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This is a story about how Kidpower skills and principles were very helpful to me personally when I saw an unprotected small child in an unsafe place. A few years ago, my husband Ed and I took a vacation in Sequoia and King’s Canyon National Parks in California, an area full of beautiful mountains and a great deal of wildlife.
One afternoon, I left Ed sitting by a trail and went back to the parking lot to get something for our hike. Suddenly, I noticed a small child of less than two years old sitting alone on a picnic table, next to a sign warning about this being an active bear area. She had rosy cheeks, a very pink dress stained with what might have been apple juice, and no adults with her. I could hear voices of people and splashing in the direction of the river where she was looking intently, but no one was in sight.
No part of me could have left this toddler alone there, but, especially with my husband waiting for me, I felt indignant and wished that parks and parking lots would have those signs that many stores do: “Do not leave your children unattended!” Surely, I thought crossly, this reminder is as important as the signs warning not to leave your valuables in your car and not to feed the bears.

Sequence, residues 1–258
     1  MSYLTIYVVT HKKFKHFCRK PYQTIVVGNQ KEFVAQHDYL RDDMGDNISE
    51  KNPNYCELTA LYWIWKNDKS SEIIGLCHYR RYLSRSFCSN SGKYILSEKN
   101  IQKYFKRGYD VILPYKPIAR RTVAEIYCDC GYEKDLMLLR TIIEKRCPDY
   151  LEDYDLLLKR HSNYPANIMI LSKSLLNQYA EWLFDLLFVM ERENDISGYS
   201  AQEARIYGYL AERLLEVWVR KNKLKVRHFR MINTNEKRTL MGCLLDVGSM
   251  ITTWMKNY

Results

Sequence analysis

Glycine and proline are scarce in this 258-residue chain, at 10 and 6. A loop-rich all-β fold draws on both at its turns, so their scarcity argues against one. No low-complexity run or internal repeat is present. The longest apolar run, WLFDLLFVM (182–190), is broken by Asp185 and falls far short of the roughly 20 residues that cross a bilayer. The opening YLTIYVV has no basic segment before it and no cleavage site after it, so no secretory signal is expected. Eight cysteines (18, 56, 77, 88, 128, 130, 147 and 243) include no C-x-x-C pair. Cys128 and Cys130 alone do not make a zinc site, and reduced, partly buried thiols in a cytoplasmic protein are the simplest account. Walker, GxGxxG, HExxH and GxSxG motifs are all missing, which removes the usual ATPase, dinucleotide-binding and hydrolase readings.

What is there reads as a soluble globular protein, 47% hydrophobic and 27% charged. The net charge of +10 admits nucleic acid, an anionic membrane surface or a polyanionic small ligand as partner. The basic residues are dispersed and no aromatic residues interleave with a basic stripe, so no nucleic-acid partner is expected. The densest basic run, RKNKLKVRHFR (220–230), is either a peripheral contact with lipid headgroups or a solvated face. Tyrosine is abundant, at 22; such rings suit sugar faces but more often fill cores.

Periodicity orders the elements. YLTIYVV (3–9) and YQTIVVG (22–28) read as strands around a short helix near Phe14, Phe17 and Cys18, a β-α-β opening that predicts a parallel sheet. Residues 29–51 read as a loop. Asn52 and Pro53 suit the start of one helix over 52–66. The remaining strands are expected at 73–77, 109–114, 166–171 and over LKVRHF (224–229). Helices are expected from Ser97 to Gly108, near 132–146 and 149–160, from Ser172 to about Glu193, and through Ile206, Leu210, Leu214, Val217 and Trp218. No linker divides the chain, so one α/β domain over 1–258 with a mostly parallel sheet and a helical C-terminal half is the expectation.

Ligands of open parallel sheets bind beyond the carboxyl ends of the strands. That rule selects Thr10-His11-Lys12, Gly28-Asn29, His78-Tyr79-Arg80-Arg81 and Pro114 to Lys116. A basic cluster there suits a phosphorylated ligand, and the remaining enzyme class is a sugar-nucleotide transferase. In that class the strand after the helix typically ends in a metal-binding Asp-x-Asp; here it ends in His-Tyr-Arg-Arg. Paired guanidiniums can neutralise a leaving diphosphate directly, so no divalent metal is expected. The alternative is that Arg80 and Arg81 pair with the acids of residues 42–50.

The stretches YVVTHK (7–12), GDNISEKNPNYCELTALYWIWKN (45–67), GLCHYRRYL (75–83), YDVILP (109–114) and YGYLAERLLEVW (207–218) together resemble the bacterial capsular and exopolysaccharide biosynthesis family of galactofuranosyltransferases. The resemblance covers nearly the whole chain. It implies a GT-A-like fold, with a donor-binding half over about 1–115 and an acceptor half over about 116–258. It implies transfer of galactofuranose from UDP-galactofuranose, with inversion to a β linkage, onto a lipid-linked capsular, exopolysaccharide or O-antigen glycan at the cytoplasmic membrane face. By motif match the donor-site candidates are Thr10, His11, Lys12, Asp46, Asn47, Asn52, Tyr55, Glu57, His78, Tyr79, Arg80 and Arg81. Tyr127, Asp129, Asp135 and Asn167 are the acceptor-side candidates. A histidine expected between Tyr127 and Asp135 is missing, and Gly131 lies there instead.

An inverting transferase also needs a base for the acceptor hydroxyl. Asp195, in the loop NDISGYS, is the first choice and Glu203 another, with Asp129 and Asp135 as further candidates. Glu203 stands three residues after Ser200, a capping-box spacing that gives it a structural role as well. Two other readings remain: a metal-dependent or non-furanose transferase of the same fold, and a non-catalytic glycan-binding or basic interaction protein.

I waited near this little girl for quite a while, not wanting to alarm her by staring at her or approaching her, hoping that her adults would appear. Understandably, she eventually started to get restless, so I called out towards the river, “HELLO! EXCUSE ME!”
A woman’s head peeked out over the edge of the hill and called, “Is she all right?”
“She’s fine,” I reassured the woman. The woman’s head then disappeared, as she headed back to the river. “WAIT!” I yelled. “Please come here!”
The child’s mother reluctantly walked up the hill to us. She looked hot and tired and said apologetically, “I was only going to be gone for a second.”
“Your child is too young and too important to be left here even for a second!” I said in a firm, kind voice.
“Really?” the woman asked.
“There are Bears,” I pointed out. “And the River. And Cars. And People! You should not leave her in a place like this even for a second.”
The woman lifted her child and put her on her hip. “Thank you,” she said, doubtfully, and carried her daughter off to join the rest of their family.
Later, Ed and I told our story to a ranger who, with a great deal of emotion, described how children drown every year in that river because people are misled by the serenity of the surroundings into believing that it is safe.
Kidpower’s Underlying Principle is that: The safety and self-esteem of a child are more important than anyone’s embarrassment, inconvenience, or offense. Basically, this means that we are committed to putting safety first, ahead of uncomfortable feelings.
A plan to Put Safety First makes decisions in a situation like this so clear – waiting with a child even if your husband must be wondering why you are taking so long; speaking up even if someone might be upset with you; and being supportive to a tired mother even though you feel frustrated about her lack of awareness.
For more information about Kidpower’s resources for teaching these People Safety Skills and concepts, please visit our online Library (free community membership) and our RelationSafe™ Bookstore.
Published: March 8, 2012 | Last Updated: July 27, 2016
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